[21 March 2006]
Aren’t we all these days? Haven’t we all gone through a spiritual rebirth at some point in the past five years, since that one infamous event… you know… the advent of personal MP3 players? Whether you’re a devout audiophile (i.e., you understand how vinyl sounds “warm”) or as casual a fan as Marge Simpson (“Music is none of my business”), it’s undeniable that the experience of listening to recorded music has undergone dramatic changes in the aught-whatevers. Songs are chewed through and spat out before their hooks have half a chance and then it’s on to the next 99-cent meltaway. But many musicians are still devoted to the album, and the relevance of sitting down in the privacy of one’s home and sitting through one start to finish.
In a recent interview with Paste, Wilco’s Jeff Tweedy testified that “... recorded music is like literature when you allow yourself to sit and listen.” In that respect, the latest from Loose Fur, Tweedy’s side project with Jim O’Rourke and Glenn Kotche, is like reading an Archie comic book with a Chekhovian subtext—the smarts are all there, but so is Jughead! With its combination of pop and circumstance, Born Again runs laps around its lumbering self-titled predecessor, and might even have a chance against short attention spans, yours and mine.
Four songs longer and two minutes shorter than Loose Fur, Born Again is thrice as nimble and a baker’s dozen more assured. Compare openers: the debut’s “Laminated Cat/Not For the Seasons” dribbled in texture by texture, with Tweedy mumbling in his charming, hangdog way; “Hey Chicken” has no time for all that jazz, it just puts boot to ass. Harmonizing guitars call for more cowbell, and are answered. Rhythms stutter and skip, but are still driven inexorably to rawk. Tweedy has rarely sounded so cocksure, taking steady shots at a jealous contemporary, “I hear you whisper / I hear you whine / I hear you hanging on a sourgrape vine / … hey chicken you’re all talk.” He even throws in a taunting “boo-hoo” halfway through, before talking about the dude’s sister. Harsh! It all translates to “fun”, which is vital in context. Considering that Loose Fur’s primary audience is Wilco (and to a lesser extent Jim O’Rourke) fans, it’s got to take something unique and engaging to get them to spin a record other than Yankee Hotel Foxtrot for the umpteenth time. In this case, it’s balls.
“The Ruling Class” continues the provocation with lines like “Christ is on his way across town / ... he’s back Jack, smoking crack, find him if you wanna get found”, sunny acoustic guitars, and whistling. The lyrics, co-penned by O’Rourke and Tweedy, are a razor-sharp satire of corporate fat cats and cash-obsessed culture, imagining Jesus as a Dubya-style CEO, drinking beers like one of the guys while filing “dependent claims on all of mankind.” It’s the opposite of Woody Guthrie’s “Christ For President”, to which Tweedy provided the music on the Mermaid Avenue project a few years back, where J.C. cast the money changers out of the temple and provided for all. The difference between the two songs highlights not only the very deep shit we’re all in, but a new facet in Tweedy’s writing. With the breathing room afforded by the relatively spotlight-free Loose Fur, Tweedy is free to explore wit in addition to his famous earnestness.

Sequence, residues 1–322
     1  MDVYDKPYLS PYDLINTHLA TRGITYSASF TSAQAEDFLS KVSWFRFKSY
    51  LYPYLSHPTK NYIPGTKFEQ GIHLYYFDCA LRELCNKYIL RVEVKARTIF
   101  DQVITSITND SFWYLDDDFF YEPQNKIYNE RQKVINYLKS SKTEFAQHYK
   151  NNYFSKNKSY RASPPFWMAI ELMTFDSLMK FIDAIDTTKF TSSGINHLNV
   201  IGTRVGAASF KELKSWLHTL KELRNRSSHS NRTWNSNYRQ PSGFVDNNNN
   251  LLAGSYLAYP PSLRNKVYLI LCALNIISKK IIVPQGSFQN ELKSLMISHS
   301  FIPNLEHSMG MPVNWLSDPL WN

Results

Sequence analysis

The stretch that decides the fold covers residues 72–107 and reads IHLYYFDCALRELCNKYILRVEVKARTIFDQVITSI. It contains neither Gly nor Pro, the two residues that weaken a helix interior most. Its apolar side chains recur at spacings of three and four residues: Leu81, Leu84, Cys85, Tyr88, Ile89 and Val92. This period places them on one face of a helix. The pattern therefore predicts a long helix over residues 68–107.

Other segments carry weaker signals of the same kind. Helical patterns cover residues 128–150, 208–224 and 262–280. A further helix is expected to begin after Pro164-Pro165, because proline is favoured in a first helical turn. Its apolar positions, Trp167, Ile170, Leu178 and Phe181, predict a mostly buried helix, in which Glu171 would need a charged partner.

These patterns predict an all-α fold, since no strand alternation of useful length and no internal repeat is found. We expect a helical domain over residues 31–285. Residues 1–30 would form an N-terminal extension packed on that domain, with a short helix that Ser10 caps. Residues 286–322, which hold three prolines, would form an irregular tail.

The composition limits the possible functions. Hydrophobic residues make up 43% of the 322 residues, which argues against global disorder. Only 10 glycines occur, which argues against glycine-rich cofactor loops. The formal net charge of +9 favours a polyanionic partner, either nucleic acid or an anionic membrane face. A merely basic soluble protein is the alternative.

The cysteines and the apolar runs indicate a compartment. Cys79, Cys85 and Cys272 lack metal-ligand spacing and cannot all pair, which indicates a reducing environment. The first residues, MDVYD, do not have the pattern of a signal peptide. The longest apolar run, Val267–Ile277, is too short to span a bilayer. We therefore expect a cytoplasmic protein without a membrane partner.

O’Rourke takes almost the opposite tack on “Answers to Your Questions”, softening his usual verbal barbs in the gorgeous atmosphere conjured by Kotche’s distant, rumbling percussion, elegant soloing, and vibes in the song’s second half. Never one to pull punches, O’Rourke can’t resist a joke, “You always write to ask / How come I don’t write back / I could tell you / But then I’d have to write…” But instead of leaving it there, he stretches the thought into something more than merely clever, “... A letter that would start / I finally found in my heart not to forgive you.” At an early point in the album, O’Rourke is playing the straight man to Tweedy’s joker, and again we’re compelled not to fast-forward or spin the click-wheel.
The rest of the album doesn’t disappoint, either. And since this is literature, I won’t spoil the book or tell you where the personalities end up. It’s enough to say that Born Again in the USA is as worthy as side projects get, an album you’d want to pay attention to even if you’d never heard of its antecedents. It could save you.